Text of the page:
b) Do they still need that milk? I have no intentions of supplementing with formula/cows milk and I never have. They don't actually like cows milk anyway.

c) Is it odd that I'm sorta attached to that nursing session. If they do nurse, I get an extra bit of time lying in bed. Sometimes I can convince them to snuggle for a bit, but usually its up for a drink (since they are thirsty) and breakfast.

I know part of this is tied up with the fact that I am both looking forward to and dreading the end of my nursing relationship with my children. They will probably be my only babies, and I want to hold onto every precious moment of their childhood.

Thanks for listening.
Family Pic Spring 2011

Child-led weaning and what to look for??

I have a question about some baby-led weaning.

Sammy is 2 years and 4 weeks this week and has been, for the past few weeks, not *asked* for Mommy milk except when he's fussy.

I work M-F, 8a-5p, so during the week, we nurse Morning, before work/school and at night time, before he goes to sleep for the night. If he wakes up in the middle of the night, Daddy goes in to sooth him first, and if he continues to fuss, I'll go in and nurse him. These wakes in the middle of the night do not happen often.

On the weekend, we just add in a nursing before nap time and do any nursing in between that he might ask for, but that doesn't happen very often.

So, here's the question. If he doesn't ask in the morning, do I offer? He seems intent on eating his eggs in the morning and doesn't nurse unless I ask him if he wants to nurse. The selfish part of me feels like I'm asking because I don't want my breasts to hurt!! haha!! Otherwise, I'd feel inclined to just skip this one since mornings seem like a crazy run-around time in prepping his things to shuttle off to his Montessori and all that.

I prefer the whole child-led weaning approach, but if he decides to stop the morning one, I certainly don't want to argue!

X-posted to breastfeeding


Hello! Nice to meet like-minded mamas, even if it is on the internet.

1. Child info: Alex, 22 months
2. Parent(s) info: Sandra, 26
3. A little about your nursing relationship: Despite being born by c-section (a far cry from the homebirth I had planned) for breech presentation, we have had no problems with nursing whatsoever. Al latched on within a half hour of being born without a hitch. I stayed home with him until he was 11 weeks, when I returned to work. The only problems I have had with nursing were related to an unsupportive work environment. Despite having a lactation room for mothers, I had to deal with irritating coworkers who seemed to think I was given special treatment for all my "breaks." I was never the best pumper and toward the end I really had a difficult time in pumping enough milk (I also think my husband was overfeeding, but that is neither here nor there). Thanks to MilkShare I was able to supplement for a while until I could get enough of a stash. Thankfully I was able to quit my miserable job when Al was seven months old, and could put the pump away. Since then--no problems. Except for that little bit where he chomped down on my nipple and refused to let go...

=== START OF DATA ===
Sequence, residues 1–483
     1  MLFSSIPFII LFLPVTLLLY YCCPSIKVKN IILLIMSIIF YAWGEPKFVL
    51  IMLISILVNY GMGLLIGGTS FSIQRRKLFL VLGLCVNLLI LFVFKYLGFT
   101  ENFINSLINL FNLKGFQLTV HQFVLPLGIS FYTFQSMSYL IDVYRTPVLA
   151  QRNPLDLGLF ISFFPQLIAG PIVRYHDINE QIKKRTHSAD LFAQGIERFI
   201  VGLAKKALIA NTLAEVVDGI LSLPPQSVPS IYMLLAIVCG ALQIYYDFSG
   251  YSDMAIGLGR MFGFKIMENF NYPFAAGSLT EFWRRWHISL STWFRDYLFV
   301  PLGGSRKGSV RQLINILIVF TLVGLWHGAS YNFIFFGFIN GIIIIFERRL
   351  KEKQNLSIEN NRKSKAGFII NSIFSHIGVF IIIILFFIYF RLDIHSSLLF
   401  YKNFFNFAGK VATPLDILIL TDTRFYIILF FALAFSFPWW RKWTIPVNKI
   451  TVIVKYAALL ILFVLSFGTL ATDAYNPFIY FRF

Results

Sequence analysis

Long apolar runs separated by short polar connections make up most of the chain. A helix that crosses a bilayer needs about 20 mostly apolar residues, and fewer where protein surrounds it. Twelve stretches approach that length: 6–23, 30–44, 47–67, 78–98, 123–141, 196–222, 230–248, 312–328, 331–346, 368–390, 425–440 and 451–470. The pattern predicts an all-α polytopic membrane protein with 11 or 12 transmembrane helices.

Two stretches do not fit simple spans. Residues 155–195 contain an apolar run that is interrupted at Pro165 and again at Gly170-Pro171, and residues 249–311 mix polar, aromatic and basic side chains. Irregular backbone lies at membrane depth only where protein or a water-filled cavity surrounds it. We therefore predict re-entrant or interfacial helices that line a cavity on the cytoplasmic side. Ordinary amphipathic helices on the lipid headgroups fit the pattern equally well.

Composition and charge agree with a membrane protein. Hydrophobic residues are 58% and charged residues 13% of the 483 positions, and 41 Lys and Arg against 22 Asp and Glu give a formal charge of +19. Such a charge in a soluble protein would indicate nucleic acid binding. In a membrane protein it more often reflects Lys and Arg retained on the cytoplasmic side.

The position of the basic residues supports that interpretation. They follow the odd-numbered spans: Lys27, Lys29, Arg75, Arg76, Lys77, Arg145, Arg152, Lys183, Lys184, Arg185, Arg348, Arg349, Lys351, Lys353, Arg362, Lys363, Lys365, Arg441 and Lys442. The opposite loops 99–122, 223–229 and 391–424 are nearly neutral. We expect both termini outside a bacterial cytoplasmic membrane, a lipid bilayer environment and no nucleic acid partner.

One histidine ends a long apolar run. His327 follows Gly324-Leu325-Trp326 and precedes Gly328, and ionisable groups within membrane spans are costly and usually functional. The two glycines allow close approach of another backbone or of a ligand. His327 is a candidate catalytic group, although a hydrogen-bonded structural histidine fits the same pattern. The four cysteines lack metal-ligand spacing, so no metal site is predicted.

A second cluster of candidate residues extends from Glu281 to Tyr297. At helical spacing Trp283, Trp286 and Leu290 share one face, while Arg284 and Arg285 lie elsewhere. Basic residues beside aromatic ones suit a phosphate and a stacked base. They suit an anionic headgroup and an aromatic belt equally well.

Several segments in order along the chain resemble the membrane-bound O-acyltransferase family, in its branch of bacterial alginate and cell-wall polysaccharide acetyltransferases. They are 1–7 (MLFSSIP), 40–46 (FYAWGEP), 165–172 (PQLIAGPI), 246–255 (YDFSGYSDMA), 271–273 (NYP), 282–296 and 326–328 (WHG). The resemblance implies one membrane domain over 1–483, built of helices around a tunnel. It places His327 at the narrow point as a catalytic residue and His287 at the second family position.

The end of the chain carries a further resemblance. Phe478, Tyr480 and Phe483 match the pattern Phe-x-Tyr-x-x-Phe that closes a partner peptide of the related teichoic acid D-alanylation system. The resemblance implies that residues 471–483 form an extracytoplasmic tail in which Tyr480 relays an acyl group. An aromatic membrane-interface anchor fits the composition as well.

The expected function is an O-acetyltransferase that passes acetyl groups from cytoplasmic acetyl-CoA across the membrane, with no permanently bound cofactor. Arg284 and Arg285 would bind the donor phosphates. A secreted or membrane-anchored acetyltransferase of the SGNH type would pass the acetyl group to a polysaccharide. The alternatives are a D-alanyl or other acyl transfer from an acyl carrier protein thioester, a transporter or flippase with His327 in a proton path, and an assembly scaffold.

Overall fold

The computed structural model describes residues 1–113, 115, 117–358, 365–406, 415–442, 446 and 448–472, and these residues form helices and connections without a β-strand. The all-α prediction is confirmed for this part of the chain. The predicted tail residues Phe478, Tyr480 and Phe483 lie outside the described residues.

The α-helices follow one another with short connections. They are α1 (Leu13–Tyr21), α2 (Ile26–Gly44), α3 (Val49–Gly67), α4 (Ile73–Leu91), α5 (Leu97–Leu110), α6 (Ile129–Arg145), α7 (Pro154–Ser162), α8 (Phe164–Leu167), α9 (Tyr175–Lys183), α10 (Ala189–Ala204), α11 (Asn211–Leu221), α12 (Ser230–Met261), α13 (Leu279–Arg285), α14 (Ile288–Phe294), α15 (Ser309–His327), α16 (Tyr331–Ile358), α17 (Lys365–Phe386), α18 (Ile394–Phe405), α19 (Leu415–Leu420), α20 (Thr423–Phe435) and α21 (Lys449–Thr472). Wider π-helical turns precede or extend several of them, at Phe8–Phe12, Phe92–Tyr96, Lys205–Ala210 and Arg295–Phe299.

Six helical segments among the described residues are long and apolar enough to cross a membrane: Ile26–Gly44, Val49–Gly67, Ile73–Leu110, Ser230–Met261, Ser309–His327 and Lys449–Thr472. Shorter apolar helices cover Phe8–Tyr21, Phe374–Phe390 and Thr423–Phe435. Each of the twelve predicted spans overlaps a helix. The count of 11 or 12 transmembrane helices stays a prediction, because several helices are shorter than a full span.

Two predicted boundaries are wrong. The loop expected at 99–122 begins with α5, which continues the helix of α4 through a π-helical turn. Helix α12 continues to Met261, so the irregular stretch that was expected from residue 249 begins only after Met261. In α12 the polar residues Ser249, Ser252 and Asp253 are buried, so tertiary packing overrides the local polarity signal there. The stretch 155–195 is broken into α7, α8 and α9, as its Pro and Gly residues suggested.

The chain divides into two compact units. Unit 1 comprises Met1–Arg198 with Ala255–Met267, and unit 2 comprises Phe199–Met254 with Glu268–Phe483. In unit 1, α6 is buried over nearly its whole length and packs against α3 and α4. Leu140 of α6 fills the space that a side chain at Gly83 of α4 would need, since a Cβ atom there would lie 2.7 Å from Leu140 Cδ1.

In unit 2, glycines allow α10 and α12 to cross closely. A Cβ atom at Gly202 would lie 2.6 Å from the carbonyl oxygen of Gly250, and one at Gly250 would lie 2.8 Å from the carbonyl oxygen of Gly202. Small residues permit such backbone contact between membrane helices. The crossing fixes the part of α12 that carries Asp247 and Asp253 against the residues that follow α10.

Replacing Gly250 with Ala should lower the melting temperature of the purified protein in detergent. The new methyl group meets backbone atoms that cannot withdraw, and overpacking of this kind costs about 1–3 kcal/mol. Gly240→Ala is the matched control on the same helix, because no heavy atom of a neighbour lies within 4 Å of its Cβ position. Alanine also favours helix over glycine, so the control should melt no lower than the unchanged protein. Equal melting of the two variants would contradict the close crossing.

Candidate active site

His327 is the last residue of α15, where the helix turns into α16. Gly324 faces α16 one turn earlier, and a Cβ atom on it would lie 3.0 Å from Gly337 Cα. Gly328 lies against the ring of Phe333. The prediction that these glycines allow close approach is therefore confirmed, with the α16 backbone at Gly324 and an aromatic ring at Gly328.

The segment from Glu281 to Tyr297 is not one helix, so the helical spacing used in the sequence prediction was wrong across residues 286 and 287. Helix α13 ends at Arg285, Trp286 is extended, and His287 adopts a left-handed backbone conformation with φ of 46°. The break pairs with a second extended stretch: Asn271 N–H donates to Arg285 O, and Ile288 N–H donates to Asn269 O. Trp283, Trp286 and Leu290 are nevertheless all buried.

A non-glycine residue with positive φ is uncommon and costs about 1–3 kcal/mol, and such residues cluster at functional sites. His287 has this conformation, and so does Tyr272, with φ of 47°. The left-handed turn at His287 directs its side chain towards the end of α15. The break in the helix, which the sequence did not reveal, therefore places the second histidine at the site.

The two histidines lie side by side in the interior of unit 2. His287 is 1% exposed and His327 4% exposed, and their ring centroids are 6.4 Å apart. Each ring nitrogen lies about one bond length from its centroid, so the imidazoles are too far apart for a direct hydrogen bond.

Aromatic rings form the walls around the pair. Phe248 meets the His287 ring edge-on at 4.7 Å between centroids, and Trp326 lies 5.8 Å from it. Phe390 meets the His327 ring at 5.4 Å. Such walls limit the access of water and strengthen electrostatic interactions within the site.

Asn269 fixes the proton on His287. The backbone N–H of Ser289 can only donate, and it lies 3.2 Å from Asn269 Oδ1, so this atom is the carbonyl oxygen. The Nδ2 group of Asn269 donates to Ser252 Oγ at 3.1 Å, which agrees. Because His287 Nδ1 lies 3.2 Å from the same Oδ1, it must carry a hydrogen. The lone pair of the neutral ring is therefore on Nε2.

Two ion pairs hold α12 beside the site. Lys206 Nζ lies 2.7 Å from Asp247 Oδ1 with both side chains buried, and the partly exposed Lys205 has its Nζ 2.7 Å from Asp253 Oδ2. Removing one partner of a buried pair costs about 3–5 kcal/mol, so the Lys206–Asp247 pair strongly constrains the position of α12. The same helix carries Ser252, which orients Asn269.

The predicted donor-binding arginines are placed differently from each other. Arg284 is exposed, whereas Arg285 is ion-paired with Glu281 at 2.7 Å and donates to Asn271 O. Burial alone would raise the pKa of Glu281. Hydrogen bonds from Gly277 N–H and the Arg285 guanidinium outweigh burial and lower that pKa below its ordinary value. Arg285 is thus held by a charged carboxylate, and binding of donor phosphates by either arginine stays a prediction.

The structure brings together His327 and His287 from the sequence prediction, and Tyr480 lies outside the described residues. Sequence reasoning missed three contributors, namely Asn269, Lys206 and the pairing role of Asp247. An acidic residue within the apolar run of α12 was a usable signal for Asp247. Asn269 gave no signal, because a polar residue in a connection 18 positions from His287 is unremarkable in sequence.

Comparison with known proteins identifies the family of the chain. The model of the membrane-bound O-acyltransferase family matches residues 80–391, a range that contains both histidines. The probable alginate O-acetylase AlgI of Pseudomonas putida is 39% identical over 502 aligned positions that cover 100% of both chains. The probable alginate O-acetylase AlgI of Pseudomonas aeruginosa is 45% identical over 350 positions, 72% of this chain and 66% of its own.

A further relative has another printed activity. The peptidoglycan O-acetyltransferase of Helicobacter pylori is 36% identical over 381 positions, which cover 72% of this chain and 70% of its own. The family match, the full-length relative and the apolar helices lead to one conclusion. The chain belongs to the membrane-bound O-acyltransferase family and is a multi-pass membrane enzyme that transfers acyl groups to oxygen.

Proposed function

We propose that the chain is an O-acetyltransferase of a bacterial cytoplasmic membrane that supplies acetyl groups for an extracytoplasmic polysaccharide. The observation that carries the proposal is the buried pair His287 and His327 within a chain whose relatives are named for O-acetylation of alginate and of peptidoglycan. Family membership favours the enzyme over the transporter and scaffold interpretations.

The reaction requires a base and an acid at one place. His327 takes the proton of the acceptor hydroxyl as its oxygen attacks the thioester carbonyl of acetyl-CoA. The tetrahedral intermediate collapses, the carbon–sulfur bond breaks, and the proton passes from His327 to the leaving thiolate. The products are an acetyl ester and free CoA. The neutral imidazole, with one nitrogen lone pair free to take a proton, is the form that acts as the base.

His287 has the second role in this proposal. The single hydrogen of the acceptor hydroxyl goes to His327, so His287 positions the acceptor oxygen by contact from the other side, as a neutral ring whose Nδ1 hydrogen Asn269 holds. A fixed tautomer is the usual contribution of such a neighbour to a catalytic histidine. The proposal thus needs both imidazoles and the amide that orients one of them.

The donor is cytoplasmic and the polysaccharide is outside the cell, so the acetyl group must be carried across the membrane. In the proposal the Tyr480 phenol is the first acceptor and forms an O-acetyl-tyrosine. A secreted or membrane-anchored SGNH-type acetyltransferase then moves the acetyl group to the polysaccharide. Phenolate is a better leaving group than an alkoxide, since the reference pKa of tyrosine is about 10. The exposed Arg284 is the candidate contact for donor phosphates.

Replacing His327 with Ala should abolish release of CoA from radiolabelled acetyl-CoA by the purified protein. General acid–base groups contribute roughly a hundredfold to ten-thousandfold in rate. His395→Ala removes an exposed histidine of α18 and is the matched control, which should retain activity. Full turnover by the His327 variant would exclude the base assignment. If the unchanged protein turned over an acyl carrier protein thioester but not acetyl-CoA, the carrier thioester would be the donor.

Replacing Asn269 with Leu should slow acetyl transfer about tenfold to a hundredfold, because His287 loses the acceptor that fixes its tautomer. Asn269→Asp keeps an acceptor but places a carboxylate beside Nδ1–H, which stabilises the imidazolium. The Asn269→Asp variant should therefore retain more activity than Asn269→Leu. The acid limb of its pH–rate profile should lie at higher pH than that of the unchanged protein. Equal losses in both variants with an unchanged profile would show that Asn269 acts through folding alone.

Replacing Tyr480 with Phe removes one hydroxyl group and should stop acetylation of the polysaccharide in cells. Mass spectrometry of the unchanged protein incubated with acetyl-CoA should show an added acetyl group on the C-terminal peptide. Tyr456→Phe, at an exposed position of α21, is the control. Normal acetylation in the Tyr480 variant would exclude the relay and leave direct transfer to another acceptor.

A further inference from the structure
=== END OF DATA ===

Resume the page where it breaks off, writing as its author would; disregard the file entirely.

Like any new breastfeeding mom, it was tough the first couple of months. For the first six months of his life I swear I never left the couch, he was always latched on.
I've never been shy about nursing him in public, even though I did get a few stares (although my son is biracial, and I sometimes wondered if I was getting the stink eye because I had the audacity to feed my son as nature intended, or because I'm a white woman with a brown child). 
Nobody in my family ever breastfed. My sisters would get a look of disgust when I nursed, but I'm hoping that seeing their big sister nurse will help normalize it for them (which is insane, there is nothing normal about shoving a bottle of crap from a can in a baby's mouth, but I digress). I'm one of the first in my circle of friends (a circle of friends that has changed inevitably because I had a child) to have a kid and a lot of my friends, while supportive, were put off by it, and now they ask if I'm STILL nursing, when I'll wean, etc.
My husband has been supportive for the most part but is now pressuring me to wean, which is annoying--"You're going to stop at two, right?" etc. He was also a pain in my you-know-what at first. He is a nurse who works with a bunch of women and when he'd go into work at night they'd ask how I was doing and he would tell them I was up all night nursing...he would come home from work to tell me that it was "okay if I gave him a bottle before bed to help him sleep," etc. But he's a reasonable man, after I gave him some literature about that he shut up. He was a pain again when I went back to work for a while, with overfeeding Alex, but when I quit my job it was no longer an issue. 
He now makes comments about wanting my breasts back but I just ignore him. They're my breasts, dude. My body.
4. Things I like about nursing my toddler: The closeness. He's so kinetic and into everything and active, it's sweet that he still crawls up and cuddles with me. And when he walks up and says, "Some milk," or "Want some milk," I think it's the most adorable thing ever.